Importance of SAT and GRE Tests for Scholarships and Financial Aid

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Your SAT or GRE test scores are the most crucial factors of your college application. SAT or GRE test scores are required to determine if a college can admit the student for undergraduate or graduate degree programs in USA respectively.

Why SAT and GRE are important?

SAT and GRE are entrance exams used by most colleges and universities in United States to make admissions decisions. These scores work as common criteria to help admission officers to filter applications. However, it is not the only factor in the admissions decision. Universities also consider your high school GPA, academic transcript, letters of recommendation, interviews and personal essays.

For international students these scores are very important because admission officers may not have a good idea about education process in your home country or may not trust recommendation letters. For example, Indian and Chinese students may have very different education systems in their countries. Therefore SAT and GRE scores act as key indicator of academic success for international students.

What is Good SAT or GRE Score?

Many students could not determine if their test score could help them get admission and financial aid.

It all depends on the university you are applying for admission. Popular universities most likely to have higher test score requirement for admission.

The Higher, The Better

The national average for the current SAT is 1500 and for GRE the average score falls somewhere around 150-152.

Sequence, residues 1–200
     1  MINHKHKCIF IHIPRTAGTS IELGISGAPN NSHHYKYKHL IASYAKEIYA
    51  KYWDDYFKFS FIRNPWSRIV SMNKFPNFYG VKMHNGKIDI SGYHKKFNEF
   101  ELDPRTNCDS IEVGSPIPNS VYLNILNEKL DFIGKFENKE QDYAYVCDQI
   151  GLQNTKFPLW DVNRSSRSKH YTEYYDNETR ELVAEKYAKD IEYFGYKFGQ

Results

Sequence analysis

If you are close to these averages you will likely be accepted into a considerable number of colleges and universities (as long as you have decent grades), but may not be considered at more selective schools. Above average SAT/GRE scores will improve your chances of getting into a more selective school.

Scores below an 1100 on the SAT and below 120 on the GRE are considered low for any college admission.

Quick Facts

GRE Quick Facts RE Quick Facts
Frequency Most weekdays and weekends year-round Frequency Most weekdays and weekends year-round
Duration 3 hours, 45 minutes Duration 3 hours, 45 minutes
Sections Verbal, Quantitative, and Analytical Writing Sections Verbal, Quantitative, and Analytical Writing
Cost $195 Cost $195
Max. Score 170 Max. Score 170
Avg. Score 150.8 Avg. Score 150.8

 

Better Score = Big Money

Higher scores are actually directly proportional to the amount of financial aid offered by the universities. Good SAT or GRE scores, with well written application and good academic record, can actually predict if the student will receive merit scholarship.

*Many universities offer guaranteed scholarships for minimum threshold test scores.

Here is the sample merit scholarships received based on the SAT Scores.

School Name SAT Scores* GPA Admit Rate Merit Award**
Dickinson College 1280 NR 48% $17,248
Emory University 1365 3.69 26% $21,345
Hobart and William Smith Colleges 1230 3.41 50% $25,000
Lafayette College 1275 3.47 34% $20,000
Saint Louis University 1210 3.83 60% $15,643
St. John’s University 1100 3.4 63% $12,918
Texas Christian University 1180 NR 49% $15,535
University of Miami 1320 4.3 38% $17,841
Wofford College 1165 3.54 77% $18,874

 

*Critical Reading + Math
**Average merit award for qualifying individuals.

Important Take Away

If you are looking for scholarships and financial aid in USA then you must have high SAT or GRE scores with good grades, recommendation letters and essays. With low test score you may have chance to get financial aid in less popular college or university.

But how would you know if your score is good enough to get into your dream school? Don’t worry about it. There are lots of tools and strategies to figure that out.

Important thing is to get high scores and increase your chances of getting financial aid.

So why take chance? If it is my life on the line then I would definitely take time to prepare for these tests and achieve best score.

If would be happy to help you if any question. Please ask your questions in the comment section below.

Wishing you success!

Amit

Here is Q&A from The Princeton Review to understand more about financial aid.

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